A minor advantage to the apple traps is the fact that they are considerably lighter than the sphere traps, weighing usually 6-7 ounces compared to 10 ounces for the sphere traps. This not only makes them easier to carry, but also facilitates positioning them in the tree; often the weight of the sphere trap will drag the branch on which it is hung several inches lower, either immediately or over the course of several weeks. This did not seem to occur with the apple traps, making it much easier to find a favorable trap position.
No apple maggot fly injury to fruit was seen at any time during the summer, nor was any noted by the pickers at harvest time. Sphere traps positioned in the middle of the block caught only a few flies over the course of the season, indicating that the trap-out using the combination of sphere traps and apple traps was successful.
Table 1. Weekly trap capture averages
Week Sphere Traps Apple Traps
7/9 0 0
7/16 0 0
7/22 0.16 0.16
7/29 0.22 0.39
8/5 2.17 1.28
8/12 1.77 1.61
8/19 2.11 0.78
8/26 1.39 0.17
9/2 1.16 1.11
9/9 0.94 1.47
9/16 1.00 0.50
9/23 0.59 0.47
9/30 0.44 0.78
10/7 0.16 0.26
Among the motivations for this project was the high cost of the reusable traps, and their substantial maintenance requirement, post-season cleaning being the major item. Thus, we kept careful track of time and expense per trap, for both the apple traps and the sphere traps. Table 2 shows that, on the whole, the apple traps were somewhat more cost-effective. The apple traps were definitely much less expensive to buy, even considering that they had to be replaced three times, on average, in the course of the season. The TangleTrap could be applied a little more quickly to the spheres, because of their regular surfaces. The sphere traps did not need to be replaced, but cleaning them, both during and after the season, was extremely time consuming.
Table 2. Cost and labor for preparing sphere traps and apple traps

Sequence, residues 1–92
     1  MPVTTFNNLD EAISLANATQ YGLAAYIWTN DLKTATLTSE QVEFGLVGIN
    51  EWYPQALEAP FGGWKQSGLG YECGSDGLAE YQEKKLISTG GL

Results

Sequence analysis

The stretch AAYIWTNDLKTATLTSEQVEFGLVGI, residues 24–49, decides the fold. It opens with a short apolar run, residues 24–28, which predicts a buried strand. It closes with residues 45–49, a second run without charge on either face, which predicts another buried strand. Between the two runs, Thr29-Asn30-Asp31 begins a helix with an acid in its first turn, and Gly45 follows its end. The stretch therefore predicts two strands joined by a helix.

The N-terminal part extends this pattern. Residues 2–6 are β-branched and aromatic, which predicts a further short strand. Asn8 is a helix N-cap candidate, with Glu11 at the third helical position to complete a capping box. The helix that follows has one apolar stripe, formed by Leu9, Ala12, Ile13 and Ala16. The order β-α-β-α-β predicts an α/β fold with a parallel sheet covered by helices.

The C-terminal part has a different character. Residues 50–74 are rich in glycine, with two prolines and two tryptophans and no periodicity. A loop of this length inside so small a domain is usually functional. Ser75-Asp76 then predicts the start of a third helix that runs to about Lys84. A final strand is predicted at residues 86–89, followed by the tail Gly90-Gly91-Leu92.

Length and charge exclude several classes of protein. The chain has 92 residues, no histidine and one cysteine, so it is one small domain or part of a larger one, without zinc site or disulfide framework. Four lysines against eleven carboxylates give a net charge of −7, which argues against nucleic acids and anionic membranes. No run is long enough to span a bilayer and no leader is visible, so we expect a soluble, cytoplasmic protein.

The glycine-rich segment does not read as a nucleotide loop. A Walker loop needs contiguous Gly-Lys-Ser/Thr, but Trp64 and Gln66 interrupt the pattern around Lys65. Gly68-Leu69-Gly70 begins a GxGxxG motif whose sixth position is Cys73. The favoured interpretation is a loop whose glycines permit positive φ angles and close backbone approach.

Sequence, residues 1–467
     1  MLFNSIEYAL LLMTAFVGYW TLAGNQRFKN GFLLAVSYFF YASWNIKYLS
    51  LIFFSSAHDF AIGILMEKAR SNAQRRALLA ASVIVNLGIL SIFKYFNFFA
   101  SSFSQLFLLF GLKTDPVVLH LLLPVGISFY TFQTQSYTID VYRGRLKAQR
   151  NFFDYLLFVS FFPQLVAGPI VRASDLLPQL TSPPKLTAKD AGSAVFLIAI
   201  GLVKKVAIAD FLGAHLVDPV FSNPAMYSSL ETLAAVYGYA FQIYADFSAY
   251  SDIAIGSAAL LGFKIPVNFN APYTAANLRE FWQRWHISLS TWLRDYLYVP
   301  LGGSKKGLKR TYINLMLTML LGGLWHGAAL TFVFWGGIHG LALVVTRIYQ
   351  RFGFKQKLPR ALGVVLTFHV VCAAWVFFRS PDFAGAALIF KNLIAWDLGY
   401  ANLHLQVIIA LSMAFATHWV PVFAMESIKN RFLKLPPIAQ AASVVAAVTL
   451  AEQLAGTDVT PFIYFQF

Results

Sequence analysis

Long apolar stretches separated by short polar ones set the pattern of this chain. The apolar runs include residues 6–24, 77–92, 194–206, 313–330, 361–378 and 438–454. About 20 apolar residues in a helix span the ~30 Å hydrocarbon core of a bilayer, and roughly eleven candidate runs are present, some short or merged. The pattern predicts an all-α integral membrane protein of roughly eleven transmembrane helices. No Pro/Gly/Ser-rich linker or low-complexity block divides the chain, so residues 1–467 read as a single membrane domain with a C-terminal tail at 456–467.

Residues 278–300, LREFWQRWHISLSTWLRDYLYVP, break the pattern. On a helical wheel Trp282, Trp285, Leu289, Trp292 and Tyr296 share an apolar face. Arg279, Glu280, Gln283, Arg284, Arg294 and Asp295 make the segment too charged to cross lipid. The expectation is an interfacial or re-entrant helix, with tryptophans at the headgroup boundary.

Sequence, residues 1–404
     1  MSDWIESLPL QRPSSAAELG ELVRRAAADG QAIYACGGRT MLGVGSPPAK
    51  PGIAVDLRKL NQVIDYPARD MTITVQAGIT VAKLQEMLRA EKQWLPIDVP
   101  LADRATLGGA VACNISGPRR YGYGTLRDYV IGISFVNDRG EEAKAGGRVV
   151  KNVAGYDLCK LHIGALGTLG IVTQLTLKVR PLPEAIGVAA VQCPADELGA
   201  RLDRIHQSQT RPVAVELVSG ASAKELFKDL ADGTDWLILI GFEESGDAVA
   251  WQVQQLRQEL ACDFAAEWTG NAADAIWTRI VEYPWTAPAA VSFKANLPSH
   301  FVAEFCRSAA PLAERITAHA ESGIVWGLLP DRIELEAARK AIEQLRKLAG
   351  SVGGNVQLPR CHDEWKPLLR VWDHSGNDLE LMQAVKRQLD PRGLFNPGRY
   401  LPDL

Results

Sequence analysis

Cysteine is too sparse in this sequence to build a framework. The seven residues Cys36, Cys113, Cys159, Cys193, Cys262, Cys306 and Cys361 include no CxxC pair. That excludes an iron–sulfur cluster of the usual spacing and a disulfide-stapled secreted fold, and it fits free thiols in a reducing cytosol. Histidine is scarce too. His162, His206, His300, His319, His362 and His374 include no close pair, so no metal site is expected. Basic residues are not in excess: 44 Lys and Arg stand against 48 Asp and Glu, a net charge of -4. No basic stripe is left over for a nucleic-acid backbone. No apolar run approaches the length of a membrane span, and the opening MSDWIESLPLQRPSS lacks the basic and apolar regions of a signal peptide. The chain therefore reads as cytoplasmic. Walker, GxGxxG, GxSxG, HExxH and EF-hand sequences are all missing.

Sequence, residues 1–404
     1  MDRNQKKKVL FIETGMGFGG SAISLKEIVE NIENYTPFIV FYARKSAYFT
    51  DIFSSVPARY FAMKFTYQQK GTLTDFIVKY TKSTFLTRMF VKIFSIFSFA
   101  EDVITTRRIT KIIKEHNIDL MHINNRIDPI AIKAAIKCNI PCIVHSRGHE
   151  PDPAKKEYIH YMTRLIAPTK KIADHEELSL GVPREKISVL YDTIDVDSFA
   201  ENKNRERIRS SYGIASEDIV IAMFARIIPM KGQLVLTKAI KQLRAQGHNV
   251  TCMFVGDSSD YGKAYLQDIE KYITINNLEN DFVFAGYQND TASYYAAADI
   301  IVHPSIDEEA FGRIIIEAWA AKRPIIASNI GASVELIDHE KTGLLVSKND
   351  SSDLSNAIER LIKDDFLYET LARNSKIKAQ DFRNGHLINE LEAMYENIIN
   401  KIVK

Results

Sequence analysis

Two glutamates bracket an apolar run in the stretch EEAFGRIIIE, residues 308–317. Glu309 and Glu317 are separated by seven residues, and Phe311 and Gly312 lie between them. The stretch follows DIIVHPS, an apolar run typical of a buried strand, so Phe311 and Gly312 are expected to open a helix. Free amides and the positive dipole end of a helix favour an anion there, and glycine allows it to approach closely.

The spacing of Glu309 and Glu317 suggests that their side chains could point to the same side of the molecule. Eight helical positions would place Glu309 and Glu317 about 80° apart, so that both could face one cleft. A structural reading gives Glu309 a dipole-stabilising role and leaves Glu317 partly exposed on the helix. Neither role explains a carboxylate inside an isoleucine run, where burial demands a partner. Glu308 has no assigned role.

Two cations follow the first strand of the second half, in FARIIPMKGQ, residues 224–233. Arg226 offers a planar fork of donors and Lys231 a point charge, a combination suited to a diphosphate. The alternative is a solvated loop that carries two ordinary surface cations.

Sphere traps Apple traps
Cost per trap $3.65 $0.20 (x3=$0.60, to be comparable)
Applying TangleTrap 36 seconds 40 seconds
Preparation 0 8
Replacement 0 48 (x3=144 secs.)
Cleaning 60 0
Disposal/final cleaning 132 5
Total time 228 seconds 197 seconds
The bulk of the time consumed with the apple traps was in the multiple replacements needed over the course of the season. (As might be expected, traps deteriorated rapidly in the hot weather in late July, and much less quickly in the cooler weather later in the season.) It might be possible to further streamline the replacement process. The replacement apple traps were prepared on the spot each week; it may well be more efficient to prepare a large quantity of apples once, and draw from the supply as needed. The sphere traps, on the other hand, have been in use for over twenty years, and their cleaning and maintenance by now are probably as efficient as they are going to get.
Thus the time savings of ½ minute per trap of the apple traps over the sphere traps might be increased with more experience in handling them. But even ½ minute per trap could be significant when one is using several hundred, as would be typical in an orchard trap-out program.
Overall the results of this project were very encouraging. The trap-out worked well, and the apple traps held up relatively well (even in the hottest part of the summer most of the apples lasted two or three weeks) and seemed to be comparable in effectiveness to the reusable sphere traps. If the apple traps are indeed equal to the sphere traps in effectiveness, they represent a viable, cost- and time-efficient way to trap out apple maggot adults without the use of insecticides.